Nu-Bullying: “Accountability” Is Code For “Vengeance”

Why deplatforming is never okay

Bullying is a scarring experience. Society’s focus on the prevention of bullying is good and necessary if we are to be compassionate.

I’m concerned that there is a new form of bullying and it wears a compassionate mask. It can be difficult to parse this phenomenon as a form of abuse because it doesn’t look much like the arrogant, abusive style of bullying we are used to. In fact, it believes itself to be supremely empathetic and moral. I call it Nu-Bullying.

The Nu-Bully believes he is more virtuous because he bullies. To him, the only way to be truly moral is to obtain and use power against those who disagree. The Nu-Bully believes that free speech is vaguely dangerous because it allows people with the wrong opinions to have a voice. “Why would you give that person a platform,” he asks.

When social media does its work, people are whipped into an inhuman frenzy. There are protests, calls for boycotts, and general online mob violence, all for the crime of “giving a platform” to ideas the Nu-Bully disagrees with. This is because the Nu-Bully has been conditioned to believe that disagreeing with him is only possible through the summoning of that dreaded demon, Hate, the ultimate thought-crime. As a result, the Nu-Bully will often support the radical reorganization of society to his advantage, or some kind of dramatic upheaval of societal norms, in order to fortify against the possibility of himself and his team ever being in that dangerous state of being out-of-power.

Nu-Bullies Are The New “Religious Right”

Publicly adopting pseudo-moralistic stances on large scale social issues is a very easy way to look good to your friends and neighbors without actually accomplishing anything. This is known as virtue signaling. There is also the related phenomenon of inverted virtue signaling: Playing the victim. If you appear hurt, you win an automatic moral victory. Social media makes this dopamine hit easier to get than ever before.

Getting social points in this insufferable way is the direct memetic descendant of the old fashioned American Religious Right. You know the type; They lecture people self-righteously for not living up to an impossible ideal, one which they hypocritically never bother to try and live up to themselves. Though, by being morally overbearing and generally bossy to those around them, they are able to feel as though they have done “the right thing.” Thus, they rationalize treating the people around them poorly in name of being supposedly “good” in a greater, more abstract sense.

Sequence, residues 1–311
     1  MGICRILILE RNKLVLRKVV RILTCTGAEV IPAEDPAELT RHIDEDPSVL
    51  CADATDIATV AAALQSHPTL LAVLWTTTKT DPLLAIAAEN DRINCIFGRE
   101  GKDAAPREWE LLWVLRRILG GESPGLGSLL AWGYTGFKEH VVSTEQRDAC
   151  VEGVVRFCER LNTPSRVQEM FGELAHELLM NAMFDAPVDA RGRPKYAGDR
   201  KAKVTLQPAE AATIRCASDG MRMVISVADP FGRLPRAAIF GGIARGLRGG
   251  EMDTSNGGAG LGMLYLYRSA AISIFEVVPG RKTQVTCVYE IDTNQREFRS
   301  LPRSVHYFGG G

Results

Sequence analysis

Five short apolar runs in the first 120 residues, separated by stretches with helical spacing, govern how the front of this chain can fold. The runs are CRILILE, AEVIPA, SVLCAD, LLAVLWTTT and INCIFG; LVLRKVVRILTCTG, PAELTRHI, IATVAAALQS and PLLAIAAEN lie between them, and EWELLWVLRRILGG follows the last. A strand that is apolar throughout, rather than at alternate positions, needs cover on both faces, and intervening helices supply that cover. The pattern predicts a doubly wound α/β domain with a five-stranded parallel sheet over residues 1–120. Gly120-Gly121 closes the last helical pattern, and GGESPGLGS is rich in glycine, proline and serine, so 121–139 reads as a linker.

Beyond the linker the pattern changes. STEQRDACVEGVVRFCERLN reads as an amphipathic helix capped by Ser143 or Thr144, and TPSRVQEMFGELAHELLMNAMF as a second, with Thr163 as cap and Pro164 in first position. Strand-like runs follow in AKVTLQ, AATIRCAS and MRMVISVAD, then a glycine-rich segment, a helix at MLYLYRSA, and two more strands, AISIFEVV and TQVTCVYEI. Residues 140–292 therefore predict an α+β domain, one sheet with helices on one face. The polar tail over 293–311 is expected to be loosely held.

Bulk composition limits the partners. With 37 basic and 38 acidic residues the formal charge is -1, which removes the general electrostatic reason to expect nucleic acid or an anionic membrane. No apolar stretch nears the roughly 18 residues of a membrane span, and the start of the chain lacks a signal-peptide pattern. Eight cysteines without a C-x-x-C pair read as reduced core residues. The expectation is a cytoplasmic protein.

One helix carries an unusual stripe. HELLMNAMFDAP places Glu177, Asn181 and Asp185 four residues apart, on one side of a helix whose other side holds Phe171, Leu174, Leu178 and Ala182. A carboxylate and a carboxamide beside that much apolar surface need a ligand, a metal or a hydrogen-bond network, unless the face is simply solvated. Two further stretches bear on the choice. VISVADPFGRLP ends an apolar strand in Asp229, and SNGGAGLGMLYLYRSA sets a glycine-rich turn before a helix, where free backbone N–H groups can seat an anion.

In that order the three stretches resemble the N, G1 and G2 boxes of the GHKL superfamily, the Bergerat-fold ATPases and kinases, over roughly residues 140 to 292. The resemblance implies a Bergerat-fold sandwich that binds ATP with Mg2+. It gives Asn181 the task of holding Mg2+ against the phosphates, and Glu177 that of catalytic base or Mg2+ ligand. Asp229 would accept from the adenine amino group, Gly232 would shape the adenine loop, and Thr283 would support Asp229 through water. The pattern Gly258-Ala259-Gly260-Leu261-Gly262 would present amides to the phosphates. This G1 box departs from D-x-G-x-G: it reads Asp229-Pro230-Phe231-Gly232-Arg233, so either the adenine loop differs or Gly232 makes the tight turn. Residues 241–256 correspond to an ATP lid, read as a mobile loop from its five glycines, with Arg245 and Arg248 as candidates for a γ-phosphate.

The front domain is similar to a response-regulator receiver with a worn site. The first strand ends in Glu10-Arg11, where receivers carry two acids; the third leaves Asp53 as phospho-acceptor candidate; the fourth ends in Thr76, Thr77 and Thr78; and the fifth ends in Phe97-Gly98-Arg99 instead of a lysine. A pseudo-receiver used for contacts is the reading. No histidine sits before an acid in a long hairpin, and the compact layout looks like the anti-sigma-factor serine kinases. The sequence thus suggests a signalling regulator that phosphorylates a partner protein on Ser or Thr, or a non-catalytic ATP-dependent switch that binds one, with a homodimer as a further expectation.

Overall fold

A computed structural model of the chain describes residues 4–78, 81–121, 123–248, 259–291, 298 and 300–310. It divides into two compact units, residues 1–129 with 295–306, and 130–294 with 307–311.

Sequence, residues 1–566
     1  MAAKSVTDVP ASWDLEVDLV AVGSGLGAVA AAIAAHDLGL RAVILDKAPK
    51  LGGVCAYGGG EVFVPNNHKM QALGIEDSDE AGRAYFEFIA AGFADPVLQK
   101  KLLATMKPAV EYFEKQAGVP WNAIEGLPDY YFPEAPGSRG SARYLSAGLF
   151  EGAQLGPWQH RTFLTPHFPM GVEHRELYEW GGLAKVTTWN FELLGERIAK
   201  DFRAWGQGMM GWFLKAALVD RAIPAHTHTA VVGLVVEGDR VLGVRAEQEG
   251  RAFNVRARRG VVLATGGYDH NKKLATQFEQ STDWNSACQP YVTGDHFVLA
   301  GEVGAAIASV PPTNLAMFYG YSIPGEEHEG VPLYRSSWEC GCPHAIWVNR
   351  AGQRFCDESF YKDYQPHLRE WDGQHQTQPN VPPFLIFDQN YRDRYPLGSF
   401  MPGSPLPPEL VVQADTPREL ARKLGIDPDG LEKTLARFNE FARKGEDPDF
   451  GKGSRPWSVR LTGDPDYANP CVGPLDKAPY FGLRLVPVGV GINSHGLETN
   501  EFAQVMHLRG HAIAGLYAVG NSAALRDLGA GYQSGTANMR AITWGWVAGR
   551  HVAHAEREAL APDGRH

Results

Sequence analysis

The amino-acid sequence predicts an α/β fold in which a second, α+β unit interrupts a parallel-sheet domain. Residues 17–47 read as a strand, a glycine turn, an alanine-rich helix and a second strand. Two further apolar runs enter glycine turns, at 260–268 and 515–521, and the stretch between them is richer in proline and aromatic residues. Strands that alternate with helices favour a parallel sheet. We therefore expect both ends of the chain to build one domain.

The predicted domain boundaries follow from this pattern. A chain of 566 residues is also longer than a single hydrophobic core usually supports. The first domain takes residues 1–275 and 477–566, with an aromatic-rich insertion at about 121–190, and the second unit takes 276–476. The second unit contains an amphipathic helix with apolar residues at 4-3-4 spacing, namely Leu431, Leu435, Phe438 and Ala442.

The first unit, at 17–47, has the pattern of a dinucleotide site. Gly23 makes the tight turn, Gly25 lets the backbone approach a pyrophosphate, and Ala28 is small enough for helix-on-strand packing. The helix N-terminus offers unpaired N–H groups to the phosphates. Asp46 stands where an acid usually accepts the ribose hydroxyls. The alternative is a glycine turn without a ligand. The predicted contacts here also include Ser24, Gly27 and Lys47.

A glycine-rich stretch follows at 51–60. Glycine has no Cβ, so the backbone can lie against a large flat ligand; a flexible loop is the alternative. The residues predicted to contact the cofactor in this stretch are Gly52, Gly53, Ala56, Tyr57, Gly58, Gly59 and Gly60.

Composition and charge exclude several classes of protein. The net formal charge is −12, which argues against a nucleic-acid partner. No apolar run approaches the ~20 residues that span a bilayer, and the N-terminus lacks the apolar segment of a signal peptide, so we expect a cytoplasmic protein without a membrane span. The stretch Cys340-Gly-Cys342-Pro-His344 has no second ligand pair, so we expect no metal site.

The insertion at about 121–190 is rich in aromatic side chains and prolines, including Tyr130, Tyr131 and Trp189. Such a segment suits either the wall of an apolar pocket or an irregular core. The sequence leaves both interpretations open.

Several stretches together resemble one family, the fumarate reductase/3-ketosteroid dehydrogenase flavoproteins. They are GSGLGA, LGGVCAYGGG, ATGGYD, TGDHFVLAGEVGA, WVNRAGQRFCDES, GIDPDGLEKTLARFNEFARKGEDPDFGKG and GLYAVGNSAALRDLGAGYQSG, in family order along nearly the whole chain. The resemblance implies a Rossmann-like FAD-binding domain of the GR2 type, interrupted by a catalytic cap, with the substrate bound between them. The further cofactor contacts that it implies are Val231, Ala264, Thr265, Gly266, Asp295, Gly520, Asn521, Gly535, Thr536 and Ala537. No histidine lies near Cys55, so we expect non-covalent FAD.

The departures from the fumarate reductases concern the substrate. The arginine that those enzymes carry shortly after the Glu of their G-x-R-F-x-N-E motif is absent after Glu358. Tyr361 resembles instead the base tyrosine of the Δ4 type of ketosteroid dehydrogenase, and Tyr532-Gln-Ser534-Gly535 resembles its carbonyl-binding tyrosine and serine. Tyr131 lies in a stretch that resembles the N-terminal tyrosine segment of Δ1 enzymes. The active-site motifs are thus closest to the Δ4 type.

Often times, when someone has something in their personal life that they don’t want to deal with, they compensate by attempting to change the rest of the world instead of making an effort to improve themselves and their situation.

Intentionally trying to ruin the life of someone we disagree with is tyrant behavior. Calling ourselves “activists” or some other faux-honorable moniker in order to frame ourselves as righteous while acting tyrannically is downright dangerous. If we normalize the destruction of dissent, it will not continue to work in our favor; Eventually, it will be directed back at us.

The people we disagree with the most, those with the most horrible opinions of all, still have the right to speak. That is a good thing. Chances are, we offend our opponents right back, and they’d probably like to silence us also. It’s a situation of Mutually Assured Destruction; If either silences the other, we have already silenced ourselves. That’s how a republic functions. People with controversial viewpoints ought to be afforded respect. If they can still offend us, we can be sure that our freedom of speech is also intact. We should make sure someone else still has the right to offend us every day. If we deplatform someone, we’ve justified deplatforming ourselves. If we can’t find anyone who is allowed to have an opinion that offends us, then we no longer have the right to free speech either.

If someone cannot exercise free speech in practice, regardless of who is limiting speech or how they’re doing it, it is still an injustice. Limiting the right of a person to speak freely is still tyrannical, even if it’s confined to the private sector. Whether it is accomplished with government-encouraged snitching by private citizens, or just through a social climate that encourages the shaming and social ostracization of anyone with a different opinion, it’s still wrong.

What the Nu-Bully doesn’t realize is, in a world run by resentment and cancellation, he won’t actually get to decide what counts as “hate.” To the other team, our disagreement with them looks pretty hateful. The positions and policy actions the Nu-Bully advocates will get him deplatformed also. Resentment-based ideology always attacks that which it claims to value eventually.

If we support radical social upheaval for our own benefit, or if we believe hate and venom are acceptable if used in service of “good,” or if we find ourselves justifying doxxing, cancellation, modern Struggle Sessions, and mob violence either online or offline, if we habitually use scary “verbal kill shot” words as bludgeons against those we disagree with, then we must stop and ask ourselves if we’d be willing to accept this treatment in return. If we allow it against “them,” we can rest assured that “we” are next.

First they came for the socialists, and I did not speak out —
Because I was not a socialist.

Then they came for the trade unionists, and I did not speak out —
Because I was not a trade unionist.

Then they came for the Jews, and I did not speak out —
Because I was not a Jew.

Then they came for me — and there was no one left to speak for me.

- Martin Niemöller

Endeavoring to say the quiet parts out loud. Published by The Startup and UX Collective. Subscribe:

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